Democracy Now & Next
Today, perhaps the most critical threat to the advancement of democracy worldwide are homegrown ones, which are easily exploited and amplified by adversaries. Democracies everywhere have been struggling to deliver to their populations, especially since the financial crisis of 2008, enabling the rise of populists. Economic and social ills have become entirely entwined with political outcomes. The scale of the 2020 crises—health, economic, racial, environmental, and political—have now decisively affected the US ability to promote democracy and counter the rising tide of authoritarianism. The information ecosystem, driven by technology, has contributed enormously to disinformation and polarization. The Trump Administration’s delayed acceptance of the outcome of the 2020 US election along with active attempts to overturn the results including through mob violence and bureaucratic maneuvers—plays straight out of a dictator’s handbook that the US government routinely calls as serious fouls—are symptoms of democracy in deep distress.
This moment, though, can enable once in a generation reform of how the US engages with democracy at home and around the world. New approaches, themes, and methods—paradigm shifts—can help revitalize US strategy and policy. President-elect Biden has already made the argument about how the health of democracy at home affects our ability to work overseas. This class will include a series of conversations with experts enmeshed in thinking through these issues to provide the Carnegie Mellon community with a front seat to these time sensitive policy conversations occurring with the incoming Administration and with members of Congress. Specifically, we will engage members of the nonpartisan Task Force on US Strategy to Support Democracy and Counter Authoritarian, organized by three leading Washington, DC-based organizations -- Freedom House, Center for Strategic and International Studies(CSIS), and the McCain Institute -- on what issues to keep an eye out for democracy in 2021.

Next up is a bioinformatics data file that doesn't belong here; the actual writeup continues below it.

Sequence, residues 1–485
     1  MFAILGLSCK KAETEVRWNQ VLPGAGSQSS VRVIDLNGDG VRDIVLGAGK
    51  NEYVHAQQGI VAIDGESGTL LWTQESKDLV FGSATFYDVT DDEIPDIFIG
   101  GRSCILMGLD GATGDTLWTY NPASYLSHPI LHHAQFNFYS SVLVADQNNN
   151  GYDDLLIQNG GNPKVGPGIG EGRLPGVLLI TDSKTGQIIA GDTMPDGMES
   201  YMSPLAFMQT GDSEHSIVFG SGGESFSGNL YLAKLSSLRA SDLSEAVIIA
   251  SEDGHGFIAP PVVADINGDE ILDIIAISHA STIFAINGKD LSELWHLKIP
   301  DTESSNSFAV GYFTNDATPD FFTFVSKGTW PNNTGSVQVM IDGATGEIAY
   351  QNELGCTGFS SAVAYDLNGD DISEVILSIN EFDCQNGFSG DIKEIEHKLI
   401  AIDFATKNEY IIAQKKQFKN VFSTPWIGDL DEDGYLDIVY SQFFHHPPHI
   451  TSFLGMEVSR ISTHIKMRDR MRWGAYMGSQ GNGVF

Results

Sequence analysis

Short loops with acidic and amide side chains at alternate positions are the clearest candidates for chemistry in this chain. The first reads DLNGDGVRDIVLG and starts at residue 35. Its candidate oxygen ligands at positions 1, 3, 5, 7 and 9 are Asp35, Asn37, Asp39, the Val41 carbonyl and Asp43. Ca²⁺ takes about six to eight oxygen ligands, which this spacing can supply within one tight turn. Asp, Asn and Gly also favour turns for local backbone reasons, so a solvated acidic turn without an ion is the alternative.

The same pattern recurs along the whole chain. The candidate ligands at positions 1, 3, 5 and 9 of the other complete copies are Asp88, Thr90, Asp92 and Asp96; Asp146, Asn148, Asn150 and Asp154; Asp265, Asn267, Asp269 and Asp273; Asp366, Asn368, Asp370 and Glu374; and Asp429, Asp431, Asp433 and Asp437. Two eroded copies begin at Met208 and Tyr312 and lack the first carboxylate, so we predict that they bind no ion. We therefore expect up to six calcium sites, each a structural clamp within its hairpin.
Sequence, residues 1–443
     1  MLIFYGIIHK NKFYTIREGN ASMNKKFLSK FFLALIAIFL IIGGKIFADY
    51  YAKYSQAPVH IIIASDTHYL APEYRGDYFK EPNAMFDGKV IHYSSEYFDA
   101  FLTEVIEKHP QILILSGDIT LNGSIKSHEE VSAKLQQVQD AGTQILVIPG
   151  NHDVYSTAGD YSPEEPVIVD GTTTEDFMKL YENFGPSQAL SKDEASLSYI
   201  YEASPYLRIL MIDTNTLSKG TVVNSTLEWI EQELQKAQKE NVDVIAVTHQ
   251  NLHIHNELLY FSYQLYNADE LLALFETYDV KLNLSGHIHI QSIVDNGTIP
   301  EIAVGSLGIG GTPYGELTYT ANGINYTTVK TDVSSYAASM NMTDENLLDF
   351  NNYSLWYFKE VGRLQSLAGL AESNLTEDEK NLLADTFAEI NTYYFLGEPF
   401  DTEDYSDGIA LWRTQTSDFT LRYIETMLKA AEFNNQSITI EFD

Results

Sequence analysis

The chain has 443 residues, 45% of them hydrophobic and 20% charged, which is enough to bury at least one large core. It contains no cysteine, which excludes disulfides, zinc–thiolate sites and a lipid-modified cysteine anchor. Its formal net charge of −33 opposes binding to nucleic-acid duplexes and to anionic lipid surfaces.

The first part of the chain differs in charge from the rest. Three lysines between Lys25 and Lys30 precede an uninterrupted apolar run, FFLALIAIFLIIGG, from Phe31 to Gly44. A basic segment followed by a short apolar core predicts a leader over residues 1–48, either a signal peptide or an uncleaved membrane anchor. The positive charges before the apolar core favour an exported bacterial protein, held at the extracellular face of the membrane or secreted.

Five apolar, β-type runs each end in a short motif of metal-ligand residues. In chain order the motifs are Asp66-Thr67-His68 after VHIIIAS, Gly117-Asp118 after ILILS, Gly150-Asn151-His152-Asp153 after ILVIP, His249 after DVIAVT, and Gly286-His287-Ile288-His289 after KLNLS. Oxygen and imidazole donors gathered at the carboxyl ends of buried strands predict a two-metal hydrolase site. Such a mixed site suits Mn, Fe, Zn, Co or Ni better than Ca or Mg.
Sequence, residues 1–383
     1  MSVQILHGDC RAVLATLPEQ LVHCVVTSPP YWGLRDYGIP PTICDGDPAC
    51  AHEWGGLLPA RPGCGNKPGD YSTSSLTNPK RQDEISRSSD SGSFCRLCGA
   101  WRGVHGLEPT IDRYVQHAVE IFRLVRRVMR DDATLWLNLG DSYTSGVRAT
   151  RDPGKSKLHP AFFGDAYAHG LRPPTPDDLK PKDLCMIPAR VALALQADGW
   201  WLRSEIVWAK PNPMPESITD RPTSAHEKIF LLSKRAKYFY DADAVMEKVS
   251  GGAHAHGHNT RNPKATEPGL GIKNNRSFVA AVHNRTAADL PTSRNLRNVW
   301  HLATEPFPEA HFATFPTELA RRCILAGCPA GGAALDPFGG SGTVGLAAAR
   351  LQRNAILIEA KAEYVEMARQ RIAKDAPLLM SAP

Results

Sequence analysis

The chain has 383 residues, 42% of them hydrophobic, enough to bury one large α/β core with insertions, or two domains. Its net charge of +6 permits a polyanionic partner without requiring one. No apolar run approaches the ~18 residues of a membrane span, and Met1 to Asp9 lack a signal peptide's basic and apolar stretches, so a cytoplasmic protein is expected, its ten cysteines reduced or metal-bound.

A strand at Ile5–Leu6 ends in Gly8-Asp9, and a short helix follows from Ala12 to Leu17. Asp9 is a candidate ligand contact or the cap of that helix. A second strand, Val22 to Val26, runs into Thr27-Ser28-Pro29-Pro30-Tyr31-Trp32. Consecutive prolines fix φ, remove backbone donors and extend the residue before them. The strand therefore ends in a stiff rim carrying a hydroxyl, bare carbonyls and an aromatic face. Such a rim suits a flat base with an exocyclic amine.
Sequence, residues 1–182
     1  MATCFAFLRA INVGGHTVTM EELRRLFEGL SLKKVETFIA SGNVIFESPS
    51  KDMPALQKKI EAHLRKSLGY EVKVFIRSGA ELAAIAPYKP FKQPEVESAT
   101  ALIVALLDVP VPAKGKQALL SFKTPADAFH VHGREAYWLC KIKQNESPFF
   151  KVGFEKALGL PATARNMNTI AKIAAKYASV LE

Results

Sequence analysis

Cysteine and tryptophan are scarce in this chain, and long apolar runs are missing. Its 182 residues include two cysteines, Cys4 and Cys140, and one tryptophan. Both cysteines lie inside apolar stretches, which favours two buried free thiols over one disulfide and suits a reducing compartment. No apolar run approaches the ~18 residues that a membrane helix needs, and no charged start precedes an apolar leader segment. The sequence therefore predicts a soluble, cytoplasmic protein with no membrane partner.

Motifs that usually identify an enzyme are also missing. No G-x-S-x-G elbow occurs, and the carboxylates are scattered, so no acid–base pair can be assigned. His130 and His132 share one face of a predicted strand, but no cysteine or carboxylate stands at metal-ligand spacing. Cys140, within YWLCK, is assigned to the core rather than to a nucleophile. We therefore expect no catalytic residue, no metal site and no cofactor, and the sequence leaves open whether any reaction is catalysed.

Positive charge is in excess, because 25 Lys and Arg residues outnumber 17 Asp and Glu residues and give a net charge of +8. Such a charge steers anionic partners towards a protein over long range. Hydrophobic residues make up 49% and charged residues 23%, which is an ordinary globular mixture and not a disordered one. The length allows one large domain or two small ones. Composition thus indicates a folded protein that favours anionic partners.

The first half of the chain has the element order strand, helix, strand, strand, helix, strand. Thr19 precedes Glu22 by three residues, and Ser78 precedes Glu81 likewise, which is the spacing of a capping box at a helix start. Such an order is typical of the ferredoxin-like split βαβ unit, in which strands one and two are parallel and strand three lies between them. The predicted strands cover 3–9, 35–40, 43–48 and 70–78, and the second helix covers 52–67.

Students will attend six sessions with experts, in addition to four additional one hour small group discussions to go deeper into the ideas covered in the public sessions. Students will be required to write a five page paper in the form of a memo to the incoming Administration with ideas about how to refresh and reframe US approaches to advancing democracy at home and around the world and will present briefly these ideas to the group.